Aomori Contemporary Art Center
Photographs are texts woven with what one sees and what is photographed. When we look at photos, it is likely that we overlap those images with our memories of what we have seen. Memories of what we have seen overlap the unfilled space in photos. We often put images from our memories on photos taken by someone else. Thus the reality of photos swells with our feeling of deja vu. Nakanishi Nobuhiro’s installation of two hundred large suspended slides is filled with reality, swollen by one or two hundred times, enables us to experience a grand sight of a forest with a reddish sky at sunrise brought into the gallery. We felt we could experience it because Nakanishi’s photo-work was filled with space overlapped with memories.
Seen from a distance, lined-up rows of transparent one-square-meter film sheets look like two long pipes extending in a bow-shape. It appears to be a minimal-art installation, but, as we approach it, we see each film depicting water-affluent and beautiful nature cut out and arranged endlessly at regular intervals. Walking along the two lines, one with clouds floating in the sky at sunrise and the other with trees in a woods wrapped in fog, viewers feel, while actually moving their bodies along, as if they were experiencing the very moments when these photos were taken. In fact, as they move, clouds float, and trees come into sight one after another, making them feel tempted to go deep into the forest. They would feel humid morning air on the cheek, smell trees breathing, and even hear the sound of their own tread. The material feeling of the films is assimilated into the atmosphere, and the layers of thin sheets begin to tremble as if they themselves became a part of air.
When images, photographed continuously at slight intervals by pressing the shutter every thirty seconds, are seen in succession, there appears the same kind of illusion as for things in motion based on the same principle as rolling-out pictures or animations. When watching animations, viewers are either sitting still or standing still, but inversely, it seems that when they look at Nakanishi’s successive slide-installation, they virtually experience watching animations by looking at still pictures while they walk. For an artwork having the audience experience what an artist has experienced, I am reminded of the works of Janet Cardiff, a Canadian image artist (*1). In her video works, visitors go through experiences with their eyes and ears─listening via headphones to Cardiff’s directions telling them where to look, along with the sounds that were recorded in advance on the scene. There, visitors hear sounds, mixed with those in the surroundings, that Cardiff herself produced, for instance, sounds of her walking on fallen leaves, or her breathing. As those sounds come from their headphones, there is such virtual reality that they imagine that they are really experiencing it on the spot. It means that through a fiction of sounds, viewers experience vicariously the artist’s acts. Nakanishi’s “Layer” resembles this aspect. Are we going to chase a stroller who got out of the residence early in the morning to head for the mountain? As no sound is contained in Nakanishi’s “Layer,” if viewers heard clouds floating or wind passing through the trees, virtual reality could be more intense. Where does this virtual reality come from? Doesn’t the depth of accumulated blank spaces bring it about as I mentioned in the beginning? Although they form a long stretch of many sheets of transparent thin film, there emerges depth out of such blanks. As we walk, we see that blank space on each sheet of film, and the space between the films. I noticed it when, if I remember correctly, Nakanishi remarked, “this work is meant for looking at time from the side.” (*2) It is possible to some extent to see through the sheets of film in rows from the front. The succession of the film sheets overlapping slightly off to each other makes viewers standing in front think of the passage of time. However, the one hundred-layered sheets of film begin to have a material presence by occupying the space. Viewers could realize passing of time more strongly, as air in the atmosphere suggests, when they peep at the films from the side. Each space between the two sheets of film is 20cm. Looking at them from the side means to look in the bundle of air sandwiched between each film that is 20cm wide. Does Nakanishi’s work induce our eyes again to turn to where nothing exists?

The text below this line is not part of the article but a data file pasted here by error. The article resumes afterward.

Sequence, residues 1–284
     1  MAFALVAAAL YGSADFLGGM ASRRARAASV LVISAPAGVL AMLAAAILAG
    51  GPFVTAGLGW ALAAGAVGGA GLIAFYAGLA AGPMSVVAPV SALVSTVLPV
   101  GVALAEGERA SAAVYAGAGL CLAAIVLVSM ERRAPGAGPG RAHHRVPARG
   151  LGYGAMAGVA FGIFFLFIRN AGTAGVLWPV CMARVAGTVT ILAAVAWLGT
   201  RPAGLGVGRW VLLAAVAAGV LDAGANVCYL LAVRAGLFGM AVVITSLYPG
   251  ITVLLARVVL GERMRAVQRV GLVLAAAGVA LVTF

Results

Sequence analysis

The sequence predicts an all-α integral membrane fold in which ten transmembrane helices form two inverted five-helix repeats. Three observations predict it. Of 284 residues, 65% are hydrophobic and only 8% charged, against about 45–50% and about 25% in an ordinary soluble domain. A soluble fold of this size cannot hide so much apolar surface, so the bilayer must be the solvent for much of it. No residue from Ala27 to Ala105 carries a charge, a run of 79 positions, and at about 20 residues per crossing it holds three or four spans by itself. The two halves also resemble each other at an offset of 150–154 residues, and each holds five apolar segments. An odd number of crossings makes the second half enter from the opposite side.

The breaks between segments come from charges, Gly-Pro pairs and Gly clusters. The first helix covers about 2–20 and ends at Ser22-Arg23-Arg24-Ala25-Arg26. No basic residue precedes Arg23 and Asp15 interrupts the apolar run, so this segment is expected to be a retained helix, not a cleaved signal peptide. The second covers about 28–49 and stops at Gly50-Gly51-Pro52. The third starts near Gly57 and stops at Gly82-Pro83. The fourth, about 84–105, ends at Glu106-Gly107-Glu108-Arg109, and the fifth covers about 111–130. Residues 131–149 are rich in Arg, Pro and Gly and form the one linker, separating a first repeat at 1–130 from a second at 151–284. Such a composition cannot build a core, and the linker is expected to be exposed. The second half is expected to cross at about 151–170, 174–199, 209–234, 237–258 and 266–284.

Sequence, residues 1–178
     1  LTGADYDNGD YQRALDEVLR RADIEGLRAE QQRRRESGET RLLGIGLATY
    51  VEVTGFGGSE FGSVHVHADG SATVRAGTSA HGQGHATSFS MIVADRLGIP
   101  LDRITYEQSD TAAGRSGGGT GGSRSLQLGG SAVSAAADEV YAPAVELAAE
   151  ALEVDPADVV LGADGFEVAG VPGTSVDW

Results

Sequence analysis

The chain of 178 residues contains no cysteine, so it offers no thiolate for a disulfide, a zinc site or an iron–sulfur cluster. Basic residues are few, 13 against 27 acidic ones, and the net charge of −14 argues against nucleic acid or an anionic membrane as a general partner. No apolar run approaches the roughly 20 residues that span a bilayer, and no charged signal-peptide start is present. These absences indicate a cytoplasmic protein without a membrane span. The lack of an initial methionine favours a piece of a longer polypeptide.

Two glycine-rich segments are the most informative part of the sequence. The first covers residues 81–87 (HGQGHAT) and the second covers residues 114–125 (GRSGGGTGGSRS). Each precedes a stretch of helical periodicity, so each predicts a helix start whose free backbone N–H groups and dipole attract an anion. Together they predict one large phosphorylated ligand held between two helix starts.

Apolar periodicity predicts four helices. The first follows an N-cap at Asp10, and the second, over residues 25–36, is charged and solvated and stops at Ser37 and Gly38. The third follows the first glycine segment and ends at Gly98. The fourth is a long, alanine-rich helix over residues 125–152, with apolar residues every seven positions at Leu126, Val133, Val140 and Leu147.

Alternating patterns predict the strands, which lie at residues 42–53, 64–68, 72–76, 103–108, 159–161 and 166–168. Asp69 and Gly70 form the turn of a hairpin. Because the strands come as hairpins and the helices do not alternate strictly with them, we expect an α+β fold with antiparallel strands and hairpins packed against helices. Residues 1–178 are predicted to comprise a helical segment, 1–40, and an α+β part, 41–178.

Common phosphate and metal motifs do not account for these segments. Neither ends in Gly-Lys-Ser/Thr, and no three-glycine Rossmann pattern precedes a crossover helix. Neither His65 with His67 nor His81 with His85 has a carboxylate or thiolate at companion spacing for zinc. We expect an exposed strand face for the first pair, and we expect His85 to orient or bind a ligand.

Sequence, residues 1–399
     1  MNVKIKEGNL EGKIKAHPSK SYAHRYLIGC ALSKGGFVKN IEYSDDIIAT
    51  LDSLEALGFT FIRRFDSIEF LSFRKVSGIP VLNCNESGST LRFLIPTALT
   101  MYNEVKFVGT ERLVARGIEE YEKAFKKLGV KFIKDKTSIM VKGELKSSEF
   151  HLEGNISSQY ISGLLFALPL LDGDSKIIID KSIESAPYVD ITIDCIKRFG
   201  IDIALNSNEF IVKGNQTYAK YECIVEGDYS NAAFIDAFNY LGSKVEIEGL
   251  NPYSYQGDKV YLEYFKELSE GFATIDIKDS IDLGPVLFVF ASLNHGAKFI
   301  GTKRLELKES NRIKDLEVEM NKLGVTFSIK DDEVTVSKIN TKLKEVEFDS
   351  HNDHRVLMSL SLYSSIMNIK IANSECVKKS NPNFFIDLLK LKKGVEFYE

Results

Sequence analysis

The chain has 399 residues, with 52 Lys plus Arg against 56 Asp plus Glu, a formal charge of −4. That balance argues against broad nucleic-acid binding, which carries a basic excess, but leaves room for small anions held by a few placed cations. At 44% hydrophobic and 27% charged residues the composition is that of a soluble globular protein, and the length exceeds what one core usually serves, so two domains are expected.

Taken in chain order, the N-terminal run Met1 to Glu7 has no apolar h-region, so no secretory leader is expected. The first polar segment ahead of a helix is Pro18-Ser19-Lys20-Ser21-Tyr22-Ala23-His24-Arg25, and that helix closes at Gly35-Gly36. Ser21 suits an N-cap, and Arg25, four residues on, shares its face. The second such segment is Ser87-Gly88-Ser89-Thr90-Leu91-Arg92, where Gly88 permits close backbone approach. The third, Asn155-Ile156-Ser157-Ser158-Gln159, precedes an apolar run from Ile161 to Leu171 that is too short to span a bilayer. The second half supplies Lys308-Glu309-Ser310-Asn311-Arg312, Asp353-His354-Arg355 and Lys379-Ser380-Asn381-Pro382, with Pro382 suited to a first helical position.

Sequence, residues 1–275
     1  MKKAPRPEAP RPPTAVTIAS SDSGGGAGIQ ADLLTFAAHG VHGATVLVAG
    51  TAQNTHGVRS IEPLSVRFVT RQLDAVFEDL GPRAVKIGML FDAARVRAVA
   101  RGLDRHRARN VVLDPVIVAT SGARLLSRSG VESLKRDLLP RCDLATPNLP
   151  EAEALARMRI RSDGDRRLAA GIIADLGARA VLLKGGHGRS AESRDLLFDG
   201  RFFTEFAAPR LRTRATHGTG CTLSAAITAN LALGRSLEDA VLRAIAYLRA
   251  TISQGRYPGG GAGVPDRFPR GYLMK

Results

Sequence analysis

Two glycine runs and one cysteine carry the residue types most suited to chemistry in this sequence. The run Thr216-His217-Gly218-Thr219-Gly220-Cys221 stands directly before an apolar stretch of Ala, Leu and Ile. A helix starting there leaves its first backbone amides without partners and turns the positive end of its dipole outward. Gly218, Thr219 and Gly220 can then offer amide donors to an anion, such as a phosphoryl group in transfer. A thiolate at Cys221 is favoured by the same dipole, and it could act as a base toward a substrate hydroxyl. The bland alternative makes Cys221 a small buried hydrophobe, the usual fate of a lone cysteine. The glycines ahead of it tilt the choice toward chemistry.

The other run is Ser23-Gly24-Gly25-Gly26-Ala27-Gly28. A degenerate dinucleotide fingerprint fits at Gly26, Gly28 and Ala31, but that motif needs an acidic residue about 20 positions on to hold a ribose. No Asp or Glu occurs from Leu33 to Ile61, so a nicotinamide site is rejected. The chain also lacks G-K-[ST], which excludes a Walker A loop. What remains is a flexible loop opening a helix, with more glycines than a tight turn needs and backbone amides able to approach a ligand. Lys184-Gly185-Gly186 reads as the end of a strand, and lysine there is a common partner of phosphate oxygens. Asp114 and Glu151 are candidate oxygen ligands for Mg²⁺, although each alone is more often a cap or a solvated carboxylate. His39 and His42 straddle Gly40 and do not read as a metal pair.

In his solo exhibition “Cave and Blank” at Nomart Edition gallery in Osaka in 2003, he spread gray pulp-clay over the wall, and put up plural tower-like shapes that were formed by connected spheres made of the similar pulp material. (Fig.1) Both the form on the wall and the three-dimensional object create irregular boundary on the two-dimensional or in the three-dimensional. It is a device to reverse where something exists and where nothing exists, that is, to show the reversal of figure and background. I think that this work of his has proved visually that the fact of nothing exists and something exists is of equal value in view of space.